Prominent actor and activist Lin Manuel Miranda also tweeted, “We learned to bake bread in this pandemic, we can learn to make our own adobo con pimienta. Bye.” 

The Goya “buycott,” A Response from the Right

Just as quickly as the left reacted, so too did the far right. After Ivanka Trump posted a picture of herself with Goya’s iconic can of black beans, a pro-Goya sentiment grew within the Republican base.

Following his daughter’s steps, President Trump also posted a photo of himself surrounded by Goya merchandise, including beans, cookies, coconut milk, and seasoning.  

Donald and Ivanka were condemned by the left for violating the Code of Federal Regulations, which states that employees “shall not use or permit the use of his Government position or title or any authority associated with his public office to endorse any product.”

The Right got their message, and Goya products began flying off the shelves with Republican supporters claiming that the left was being immature and disrespecting CEO Robert Unanue’s right to free speech. 

Sharing a Can of Goya Beans

The Goya boycott makes no sense from the Latino point of view but it is very helpful for Trump. Throughout its history, Goya has always strived to remain faithful to the betterment of the Latino community. Goya was recognized by President Obama for its continued support for the Latino community and Goya claims to be “the only company ever to be honored by the President.”

As outlined by Total Social’s Engagement Lab rankings, Goya ranked as the second leading U.S. food brand in 2018. The company’s decision to donate 1 million pounds of food to those impacted by Hurricane Maria resonated positively with its customers. It improved the company’s general reputation and solidified its stance as being a reliable pro-Latinx company. 

Indeed, CEO Robert Unanue’s support for Trump is the ultimate form of betrayal against the Latinx community, but at the end of the day, the truth of the matter is that the livelihoods of thousands of Goya employees rest on the success of the company as a whole. If we boycott, we are probably going to put many employees on the unemployment line. Given the country’s current circumstances under COVID-19, individual consequences could run deep.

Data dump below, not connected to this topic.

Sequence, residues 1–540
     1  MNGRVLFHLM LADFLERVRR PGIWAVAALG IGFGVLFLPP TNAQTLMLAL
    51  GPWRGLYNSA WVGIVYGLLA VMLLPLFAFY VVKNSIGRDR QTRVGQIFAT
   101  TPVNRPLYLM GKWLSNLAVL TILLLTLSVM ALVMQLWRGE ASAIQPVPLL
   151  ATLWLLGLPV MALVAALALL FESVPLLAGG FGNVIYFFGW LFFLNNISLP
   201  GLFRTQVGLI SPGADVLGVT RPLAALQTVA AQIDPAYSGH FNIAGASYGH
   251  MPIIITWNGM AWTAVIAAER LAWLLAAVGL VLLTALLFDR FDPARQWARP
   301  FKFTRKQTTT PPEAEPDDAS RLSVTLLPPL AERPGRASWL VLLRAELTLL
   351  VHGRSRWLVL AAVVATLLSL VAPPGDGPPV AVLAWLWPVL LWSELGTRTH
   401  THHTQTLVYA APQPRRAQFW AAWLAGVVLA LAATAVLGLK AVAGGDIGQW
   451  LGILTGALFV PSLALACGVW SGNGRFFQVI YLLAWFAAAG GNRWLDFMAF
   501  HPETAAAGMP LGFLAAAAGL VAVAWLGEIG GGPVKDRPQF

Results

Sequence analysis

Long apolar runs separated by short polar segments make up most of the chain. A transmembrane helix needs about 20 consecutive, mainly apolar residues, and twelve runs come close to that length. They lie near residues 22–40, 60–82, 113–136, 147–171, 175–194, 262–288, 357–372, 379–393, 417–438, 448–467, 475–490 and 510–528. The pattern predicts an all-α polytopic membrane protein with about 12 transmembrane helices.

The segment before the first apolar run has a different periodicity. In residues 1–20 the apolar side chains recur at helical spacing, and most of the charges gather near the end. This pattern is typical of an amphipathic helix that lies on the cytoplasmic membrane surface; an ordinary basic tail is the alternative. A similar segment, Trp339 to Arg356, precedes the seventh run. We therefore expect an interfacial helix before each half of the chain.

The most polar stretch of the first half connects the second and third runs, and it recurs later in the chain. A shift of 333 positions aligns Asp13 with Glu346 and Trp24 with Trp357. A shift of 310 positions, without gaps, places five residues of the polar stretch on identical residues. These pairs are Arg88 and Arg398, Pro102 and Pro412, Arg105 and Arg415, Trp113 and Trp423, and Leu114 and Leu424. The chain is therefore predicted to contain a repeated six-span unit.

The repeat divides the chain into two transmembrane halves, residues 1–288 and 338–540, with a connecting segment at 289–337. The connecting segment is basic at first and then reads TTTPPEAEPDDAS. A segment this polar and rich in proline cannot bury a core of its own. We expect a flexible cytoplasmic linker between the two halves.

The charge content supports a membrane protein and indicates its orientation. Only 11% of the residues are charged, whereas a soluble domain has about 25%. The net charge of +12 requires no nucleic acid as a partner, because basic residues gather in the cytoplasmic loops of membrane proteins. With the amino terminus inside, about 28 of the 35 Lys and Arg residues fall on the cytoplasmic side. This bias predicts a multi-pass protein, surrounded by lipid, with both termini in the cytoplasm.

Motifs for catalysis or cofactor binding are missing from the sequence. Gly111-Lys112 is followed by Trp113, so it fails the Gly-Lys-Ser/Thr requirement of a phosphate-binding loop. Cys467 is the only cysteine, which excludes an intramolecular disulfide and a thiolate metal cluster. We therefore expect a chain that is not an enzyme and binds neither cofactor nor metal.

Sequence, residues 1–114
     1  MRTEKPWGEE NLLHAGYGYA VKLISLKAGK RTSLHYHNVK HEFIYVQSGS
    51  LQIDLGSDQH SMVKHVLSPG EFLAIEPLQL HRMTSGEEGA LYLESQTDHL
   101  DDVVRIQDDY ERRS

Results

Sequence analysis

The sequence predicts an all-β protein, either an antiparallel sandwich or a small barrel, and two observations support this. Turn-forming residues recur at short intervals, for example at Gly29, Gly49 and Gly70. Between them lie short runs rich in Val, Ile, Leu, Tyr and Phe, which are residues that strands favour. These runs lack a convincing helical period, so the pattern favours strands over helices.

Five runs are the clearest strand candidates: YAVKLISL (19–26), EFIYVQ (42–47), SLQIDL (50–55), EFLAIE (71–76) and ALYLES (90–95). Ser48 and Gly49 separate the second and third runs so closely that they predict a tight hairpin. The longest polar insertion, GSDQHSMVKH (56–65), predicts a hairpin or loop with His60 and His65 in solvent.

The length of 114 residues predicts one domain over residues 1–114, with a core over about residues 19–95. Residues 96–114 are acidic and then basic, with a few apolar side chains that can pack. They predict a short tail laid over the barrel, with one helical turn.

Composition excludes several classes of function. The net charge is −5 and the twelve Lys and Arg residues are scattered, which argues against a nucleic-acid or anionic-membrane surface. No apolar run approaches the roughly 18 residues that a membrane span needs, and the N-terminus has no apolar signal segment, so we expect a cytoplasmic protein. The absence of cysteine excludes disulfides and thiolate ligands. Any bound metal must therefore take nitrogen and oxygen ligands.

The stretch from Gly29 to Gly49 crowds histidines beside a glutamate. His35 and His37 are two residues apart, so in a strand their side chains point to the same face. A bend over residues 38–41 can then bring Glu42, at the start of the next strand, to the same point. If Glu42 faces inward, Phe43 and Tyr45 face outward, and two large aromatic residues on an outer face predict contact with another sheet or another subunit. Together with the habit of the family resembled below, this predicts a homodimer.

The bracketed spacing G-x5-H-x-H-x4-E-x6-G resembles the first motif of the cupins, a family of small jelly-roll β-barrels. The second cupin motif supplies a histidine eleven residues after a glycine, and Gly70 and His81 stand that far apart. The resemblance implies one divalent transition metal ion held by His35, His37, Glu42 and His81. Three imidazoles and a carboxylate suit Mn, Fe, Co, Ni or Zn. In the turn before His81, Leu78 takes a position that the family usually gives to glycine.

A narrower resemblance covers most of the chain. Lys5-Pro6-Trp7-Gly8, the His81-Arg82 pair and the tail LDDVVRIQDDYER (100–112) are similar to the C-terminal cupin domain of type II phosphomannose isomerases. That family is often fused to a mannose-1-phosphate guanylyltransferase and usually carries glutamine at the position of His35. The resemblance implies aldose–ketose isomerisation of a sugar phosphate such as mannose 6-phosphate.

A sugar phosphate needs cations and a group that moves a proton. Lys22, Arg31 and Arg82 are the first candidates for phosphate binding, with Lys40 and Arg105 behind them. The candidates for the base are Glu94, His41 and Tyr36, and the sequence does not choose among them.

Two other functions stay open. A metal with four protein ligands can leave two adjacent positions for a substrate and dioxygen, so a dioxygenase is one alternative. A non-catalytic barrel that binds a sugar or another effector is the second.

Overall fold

Goya Foods and the Latino Community: It’s Complicated

I take pride in the fact that Goya is the largest Hispanic-owned company in the United States. It is not common for companies owned by people of color to be one of the most successful ones in the United States, and I genuinely wish Goya continues to rise in value. 

In conversations that I’ve had with peers, the main argument happens to be that if the revenue of the company falls enough, the CEO Unanue will be ousted. Indeed, that is a possibility, but it is not a given. There is no guarantee that the next CEO of Goya will also not be a Trump supporter. The enemy is not Unanue’s ideologies and political philosophies nor is it his status as a Republican; it is the fact that Trump is president and that his presidency may continue for the next four years, disregarding the needs of the Latino community in the process. Whether the Goya boycott works or not is irrelevant until Trump is out of office.

If, as a Latino community and as a country, we want to send a message to Trump, our primary tool will be the voting booth. Until then, our community and our Liberal peers need to put differences with the far-right aside and not let a can of Goya beans divide us. We need to persuade as many eligible voters to be on our side and vote so that on Wednesday, January 11, our commander-in-chief is Joe Biden and not Donald J. Trump.